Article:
There are lots of awesome decorative signs you can buy or create to hang from the ceiling to fit your theme. Don’t make the mistake of hanging your decor, then realizing that you can only see it if you happen to be standing in the right place. Take the time to make your decor double-sided, so no matter where a person is standing or sitting in the room they will see it.
5. Do use clear fishing line for hanging decor.
Fishing line is a wonderful tool to have in your set design box. It is nearly invisible and so cheap. You can buy a giant roll of clear fishing line at Walmart for about $3. It is perfect for hanging light decor like signs or paper lanterns from the ceiling.
6. Don’t forget to triple knot your fishing line.
I learned early on that when you knot fishing line once, it comes undone. This is particularly annoying if you have just hung twelve decorations from the ceiling using a tall ladder, and you come in on a Sunday morning to everything lying on the floor. Been there, done that. I have learned to always at least triple knot fishing line every time. It is worth the extra effort to not have to pull the giant ladder out, again.
7. Don’t be afraid to use paint.
I used to be afraid of using paint because it seemed so permanent. Paint really isn’t that expensive, and items can always be re-painted. We recently bought some stage pieces that were in good condition, but desperately needed a paint job. We saved hundreds of dollars by simply being willing to put in the work to re-paint them.
8. Do make sure you use the right tools.
Before you start your painting project, make sure you have everything you need to get the job done correctly, and avoid a total mess. You will need lots of drop cloths, gloves, paint brushes, painter’s tape, and clothes you don’t mind ruining. If you are going to be inside, make sure you have proper ventilation. If you are painting outside, don’t just assume the rain will wash away the paint. I spray painted some cardboard rockets on the lawn at the church once, and we had silver rockets silhouettes on the lawn for weeks.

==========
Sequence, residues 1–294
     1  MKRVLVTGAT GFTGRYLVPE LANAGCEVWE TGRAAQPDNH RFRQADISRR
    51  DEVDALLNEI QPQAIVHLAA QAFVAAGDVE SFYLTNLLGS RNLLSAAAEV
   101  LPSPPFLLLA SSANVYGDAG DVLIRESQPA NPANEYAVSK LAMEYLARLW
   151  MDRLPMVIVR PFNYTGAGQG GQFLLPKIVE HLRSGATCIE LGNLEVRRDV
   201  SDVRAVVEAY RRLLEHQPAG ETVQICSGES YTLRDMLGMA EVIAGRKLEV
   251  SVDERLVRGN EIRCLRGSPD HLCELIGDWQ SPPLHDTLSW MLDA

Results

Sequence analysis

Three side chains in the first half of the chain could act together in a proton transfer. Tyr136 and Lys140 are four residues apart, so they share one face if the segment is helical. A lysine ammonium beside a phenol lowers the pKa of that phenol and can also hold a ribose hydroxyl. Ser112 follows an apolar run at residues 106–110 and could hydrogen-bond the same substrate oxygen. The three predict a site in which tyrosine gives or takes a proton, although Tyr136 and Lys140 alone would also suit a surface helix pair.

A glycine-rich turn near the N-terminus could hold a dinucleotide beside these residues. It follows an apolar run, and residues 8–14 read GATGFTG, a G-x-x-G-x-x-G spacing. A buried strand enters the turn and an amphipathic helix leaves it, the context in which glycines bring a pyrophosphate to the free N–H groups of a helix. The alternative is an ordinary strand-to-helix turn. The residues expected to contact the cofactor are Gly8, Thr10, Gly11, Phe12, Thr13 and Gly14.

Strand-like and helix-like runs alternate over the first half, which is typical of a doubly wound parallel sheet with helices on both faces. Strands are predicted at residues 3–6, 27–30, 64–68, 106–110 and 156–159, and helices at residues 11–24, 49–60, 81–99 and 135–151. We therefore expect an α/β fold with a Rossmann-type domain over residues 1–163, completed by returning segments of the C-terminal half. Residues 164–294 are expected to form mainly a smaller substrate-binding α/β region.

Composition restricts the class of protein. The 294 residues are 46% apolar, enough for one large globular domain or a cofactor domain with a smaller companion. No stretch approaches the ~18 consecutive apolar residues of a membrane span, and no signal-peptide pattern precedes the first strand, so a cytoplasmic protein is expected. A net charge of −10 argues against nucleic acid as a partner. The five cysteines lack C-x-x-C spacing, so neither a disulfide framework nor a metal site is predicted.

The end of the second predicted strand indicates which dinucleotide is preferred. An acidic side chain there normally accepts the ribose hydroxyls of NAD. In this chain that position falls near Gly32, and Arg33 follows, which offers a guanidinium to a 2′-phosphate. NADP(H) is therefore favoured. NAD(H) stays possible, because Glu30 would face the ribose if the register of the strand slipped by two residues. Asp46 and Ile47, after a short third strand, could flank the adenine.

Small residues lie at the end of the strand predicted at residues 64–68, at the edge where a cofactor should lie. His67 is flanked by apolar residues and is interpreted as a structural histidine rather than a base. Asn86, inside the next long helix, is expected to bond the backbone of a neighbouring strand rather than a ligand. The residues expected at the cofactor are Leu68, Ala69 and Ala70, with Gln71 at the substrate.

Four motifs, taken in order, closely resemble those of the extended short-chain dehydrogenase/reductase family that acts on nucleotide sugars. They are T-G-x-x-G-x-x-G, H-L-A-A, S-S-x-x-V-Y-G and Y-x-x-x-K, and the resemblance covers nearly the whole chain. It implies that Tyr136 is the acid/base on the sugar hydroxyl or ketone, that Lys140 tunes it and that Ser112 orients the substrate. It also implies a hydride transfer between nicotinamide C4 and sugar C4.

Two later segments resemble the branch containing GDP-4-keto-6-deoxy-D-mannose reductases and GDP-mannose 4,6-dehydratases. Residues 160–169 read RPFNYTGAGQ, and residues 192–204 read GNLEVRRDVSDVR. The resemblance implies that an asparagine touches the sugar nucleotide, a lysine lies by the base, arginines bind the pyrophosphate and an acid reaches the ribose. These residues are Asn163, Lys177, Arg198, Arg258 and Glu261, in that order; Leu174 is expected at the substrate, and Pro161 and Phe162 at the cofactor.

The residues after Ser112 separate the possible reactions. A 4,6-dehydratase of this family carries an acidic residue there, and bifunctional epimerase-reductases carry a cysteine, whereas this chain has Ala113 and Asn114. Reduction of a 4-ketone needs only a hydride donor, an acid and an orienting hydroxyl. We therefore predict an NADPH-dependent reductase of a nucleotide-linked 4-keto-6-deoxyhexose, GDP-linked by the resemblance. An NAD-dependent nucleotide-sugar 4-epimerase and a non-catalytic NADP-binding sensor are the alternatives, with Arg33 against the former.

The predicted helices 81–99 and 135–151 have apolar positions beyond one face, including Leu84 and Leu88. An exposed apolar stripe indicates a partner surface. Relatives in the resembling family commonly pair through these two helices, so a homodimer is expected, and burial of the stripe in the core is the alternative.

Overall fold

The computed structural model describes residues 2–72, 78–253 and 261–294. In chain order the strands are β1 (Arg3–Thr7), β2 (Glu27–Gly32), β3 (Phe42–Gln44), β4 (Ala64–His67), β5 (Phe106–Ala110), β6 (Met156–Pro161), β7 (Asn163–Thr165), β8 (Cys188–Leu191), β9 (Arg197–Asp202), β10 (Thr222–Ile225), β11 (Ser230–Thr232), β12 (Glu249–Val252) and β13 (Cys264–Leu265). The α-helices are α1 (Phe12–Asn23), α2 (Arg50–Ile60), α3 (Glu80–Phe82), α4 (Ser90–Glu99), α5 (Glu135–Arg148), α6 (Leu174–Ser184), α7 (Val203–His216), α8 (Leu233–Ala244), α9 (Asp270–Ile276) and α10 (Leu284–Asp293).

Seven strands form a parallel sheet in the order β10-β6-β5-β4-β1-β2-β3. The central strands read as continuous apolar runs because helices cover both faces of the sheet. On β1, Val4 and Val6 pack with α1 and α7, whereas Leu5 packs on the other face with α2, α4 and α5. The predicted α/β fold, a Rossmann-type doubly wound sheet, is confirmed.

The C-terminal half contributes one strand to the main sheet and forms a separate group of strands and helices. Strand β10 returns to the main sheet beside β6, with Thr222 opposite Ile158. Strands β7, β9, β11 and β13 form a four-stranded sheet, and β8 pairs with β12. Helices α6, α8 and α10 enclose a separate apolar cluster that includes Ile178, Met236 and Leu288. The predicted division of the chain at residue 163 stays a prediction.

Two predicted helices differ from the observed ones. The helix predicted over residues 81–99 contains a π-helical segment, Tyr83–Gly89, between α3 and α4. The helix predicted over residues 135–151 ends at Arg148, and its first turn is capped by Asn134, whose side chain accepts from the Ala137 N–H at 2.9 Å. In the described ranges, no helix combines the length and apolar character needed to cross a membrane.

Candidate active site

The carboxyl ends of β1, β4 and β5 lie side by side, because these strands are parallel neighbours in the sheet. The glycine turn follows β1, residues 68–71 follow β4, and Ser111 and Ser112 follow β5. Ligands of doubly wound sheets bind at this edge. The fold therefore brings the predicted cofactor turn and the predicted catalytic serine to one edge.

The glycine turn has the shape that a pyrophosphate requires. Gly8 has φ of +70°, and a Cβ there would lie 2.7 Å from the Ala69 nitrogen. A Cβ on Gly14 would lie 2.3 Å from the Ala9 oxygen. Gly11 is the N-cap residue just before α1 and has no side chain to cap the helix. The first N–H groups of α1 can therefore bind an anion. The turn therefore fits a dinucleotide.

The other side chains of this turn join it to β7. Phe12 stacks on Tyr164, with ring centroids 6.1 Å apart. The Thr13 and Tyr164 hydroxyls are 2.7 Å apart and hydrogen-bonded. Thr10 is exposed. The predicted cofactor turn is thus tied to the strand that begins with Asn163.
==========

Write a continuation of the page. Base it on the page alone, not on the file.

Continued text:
9. Don’t get stuck on your curriculum.
Curriculum is an incredible tool that many of us have the privilege of using. It’s a great place to start, but don’t be afraid to go off curriculum every once in a while. You don’t have to write your own curriculum all the time, but if you get an idea that doesn’t line up with where the curriculum is going that month, don’t ignore it.
10. Do pay attention to culture.
The kids in our ministries are immersed in today’s culture every day. Do you know what movies and TV shows your kids are watching? What bands or artists are they listening to? What toys or video games are on their Christmas list? If you know the answers to these questions, it will help you create set design themes your kids will love. Sometimes, your curriculum will do this for you, but other times the curriculum can be way off. Don’t depend on your curriculum to tell you what your kids are excited about right now.
I hope this list of do’s and don’ts made you laugh, and will help you avoid some of the failures I have experienced in the world of set designs. For more info on the tools I like to use for my set designs, check out my Top 10 Set Design Essentials post.
What are your favorite do’s or don’ts when it comes to creating set designs in your kid’s ministry?